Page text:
She believed that her mother did not know her electricity was about to be cut, or she would have asked her daughters for help. Smith and her sister, Chris Hotes, paid their mother's phone and internet bills, respectively, and sent money for other necessities, like Pullman's water bill.

Asked why Pullman appeared to receive just one written notice, Rowell said, "That’s not our standard practice by any stretch. But in this case, we’re certainly going to look into that in greater detail.”

Smith filed an informal inquiry with the Arizona Corporation Commission after her mother's death. New Times received records from that inquiry from the Commission just as Pullman's original story was being published.

Those records include transactions on Pullman's APS account from May 23 through mid-October 2018. They show that starting in May, Pullman gradually fell further behind on her APS bills. The utility said it mailed a shutoff notice in June for a delinquent balance of $85.66; Pullman paid that in July. Later that month, APS sent her another shutoff notice for $122.24; she paid $110.88 of that on August 8, according to those records.

Over the course of four months, beginning in May, APS said it mailed three shutoff notices to Pullman for delinquent balances, which she paid in part or in full, until she paid the ultimate price.

APS also said it delivered two door hangers to Pullman's house, one on August 2 and another on September 5, the same day that "APS received a partial payment of $125.00 towards Ms. Pullman's account," the records show. "The notice advised of APS's intent to disconnect the service if the delinquent balance was not immediately paid."

On September 7, 2018, "No further payment was received so APS disconnected the service for non-payment," it said.

Seven days later, the sheriff's office found Pullman in her bed. Her body had already begun to decompose.

That day, APS mailed its final bill to Pullman, "in the amount of $287.86," the inquiry to the Corporation Commission showed.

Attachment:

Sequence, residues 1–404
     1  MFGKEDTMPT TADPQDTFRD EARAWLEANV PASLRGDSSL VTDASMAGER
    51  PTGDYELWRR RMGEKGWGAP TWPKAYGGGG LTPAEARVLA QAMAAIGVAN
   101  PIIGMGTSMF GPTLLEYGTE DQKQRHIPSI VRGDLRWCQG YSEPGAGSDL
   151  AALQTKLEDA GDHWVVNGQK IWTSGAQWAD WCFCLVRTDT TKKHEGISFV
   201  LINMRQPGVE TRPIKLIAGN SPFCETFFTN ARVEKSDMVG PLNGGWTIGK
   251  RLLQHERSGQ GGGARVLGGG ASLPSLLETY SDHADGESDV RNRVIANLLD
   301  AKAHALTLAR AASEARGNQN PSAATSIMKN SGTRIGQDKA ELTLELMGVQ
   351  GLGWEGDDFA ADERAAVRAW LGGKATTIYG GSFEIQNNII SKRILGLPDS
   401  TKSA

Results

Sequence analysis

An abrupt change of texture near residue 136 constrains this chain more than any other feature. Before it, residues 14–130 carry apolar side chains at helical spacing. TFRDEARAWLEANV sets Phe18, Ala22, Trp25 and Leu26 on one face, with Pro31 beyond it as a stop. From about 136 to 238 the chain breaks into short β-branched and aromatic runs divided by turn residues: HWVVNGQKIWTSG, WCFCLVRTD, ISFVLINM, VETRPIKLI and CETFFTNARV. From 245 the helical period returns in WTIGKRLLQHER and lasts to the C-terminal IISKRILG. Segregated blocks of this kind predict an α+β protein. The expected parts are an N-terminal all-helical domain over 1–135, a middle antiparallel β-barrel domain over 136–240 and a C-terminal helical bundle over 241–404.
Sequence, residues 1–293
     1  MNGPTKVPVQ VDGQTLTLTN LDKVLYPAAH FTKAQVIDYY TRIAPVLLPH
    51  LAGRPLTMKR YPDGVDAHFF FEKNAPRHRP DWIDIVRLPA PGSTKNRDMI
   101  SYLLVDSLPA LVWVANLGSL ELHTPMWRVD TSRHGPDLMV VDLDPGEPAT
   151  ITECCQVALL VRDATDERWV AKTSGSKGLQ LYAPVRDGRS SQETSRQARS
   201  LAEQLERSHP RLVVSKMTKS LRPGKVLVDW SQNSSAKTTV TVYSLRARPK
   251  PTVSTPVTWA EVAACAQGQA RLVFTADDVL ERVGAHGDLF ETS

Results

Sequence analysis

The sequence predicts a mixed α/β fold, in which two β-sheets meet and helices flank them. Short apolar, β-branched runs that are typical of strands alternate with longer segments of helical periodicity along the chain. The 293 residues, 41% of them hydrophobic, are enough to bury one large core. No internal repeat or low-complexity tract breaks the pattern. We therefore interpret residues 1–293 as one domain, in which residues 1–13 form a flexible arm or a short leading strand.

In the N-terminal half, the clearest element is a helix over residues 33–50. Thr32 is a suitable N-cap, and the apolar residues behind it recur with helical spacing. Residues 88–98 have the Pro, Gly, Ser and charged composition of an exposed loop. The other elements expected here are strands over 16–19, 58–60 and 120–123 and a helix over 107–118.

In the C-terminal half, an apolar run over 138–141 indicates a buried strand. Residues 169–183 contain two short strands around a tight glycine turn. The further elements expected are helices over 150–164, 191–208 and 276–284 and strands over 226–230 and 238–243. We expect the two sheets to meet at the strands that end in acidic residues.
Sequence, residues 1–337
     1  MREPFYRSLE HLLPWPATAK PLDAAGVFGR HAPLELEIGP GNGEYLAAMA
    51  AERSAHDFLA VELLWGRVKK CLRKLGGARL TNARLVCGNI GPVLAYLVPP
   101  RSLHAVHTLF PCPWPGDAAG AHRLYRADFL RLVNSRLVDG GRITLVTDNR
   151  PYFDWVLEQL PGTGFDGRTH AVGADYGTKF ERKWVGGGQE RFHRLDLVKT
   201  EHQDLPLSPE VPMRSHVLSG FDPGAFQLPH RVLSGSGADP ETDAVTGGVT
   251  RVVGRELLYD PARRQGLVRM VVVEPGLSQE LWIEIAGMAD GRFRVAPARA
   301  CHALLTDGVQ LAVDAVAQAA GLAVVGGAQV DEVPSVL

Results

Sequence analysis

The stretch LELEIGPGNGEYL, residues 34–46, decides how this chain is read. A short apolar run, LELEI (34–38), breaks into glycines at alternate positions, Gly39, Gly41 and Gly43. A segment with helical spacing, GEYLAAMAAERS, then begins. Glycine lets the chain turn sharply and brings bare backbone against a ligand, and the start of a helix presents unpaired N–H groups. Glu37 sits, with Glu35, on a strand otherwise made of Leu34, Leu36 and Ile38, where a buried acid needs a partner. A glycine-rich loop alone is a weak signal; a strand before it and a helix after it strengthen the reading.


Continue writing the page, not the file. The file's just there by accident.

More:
Notes from a call with CorpComm representative Trish Meeter on September 25 showed that Smith told Meeter that she'd scoured her mother's house and had been unable to find a disconnection notice, except for the letter mailed August 20.

According to the records from the CorpComm, APS did not attempt to call Pullman before cutting off her electricity.

Arizona Administrative Code, according to the Commission, bars utilities from cutting off service "where weather will be especially dangerous to health."

Its definition of dangerous weather is comically inappropriate for many parts of Arizona, including Maricopa County: "when the local weather forecast, as predicted by the National Oceanic and Atmospheric Adminstration, indicates that the temperature will not exceed 32 degrees Fahrenheit for the next day’s forecast."

The code also states that "The Commission may determine that other weather conditions are especially dangerous to health as the need arises."

In other words, Arizona's definition of dangerous weather appears to contain nothing about extreme heat.

Holly Ward, a CorpComm spokesperson, said that the Commission's ability to enforce these laws "would likely be determined by an Order to Show Cause" — a type of court order — "and a hearing process."

"The [CorpComm] does not have authority to impose damages," she added.

Last year, APS parent company Pinnacle West raked in profits of $511 million. 
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Elizabeth Whitman was a staff writer for Phoenix New Times from March 2019 to April 2020.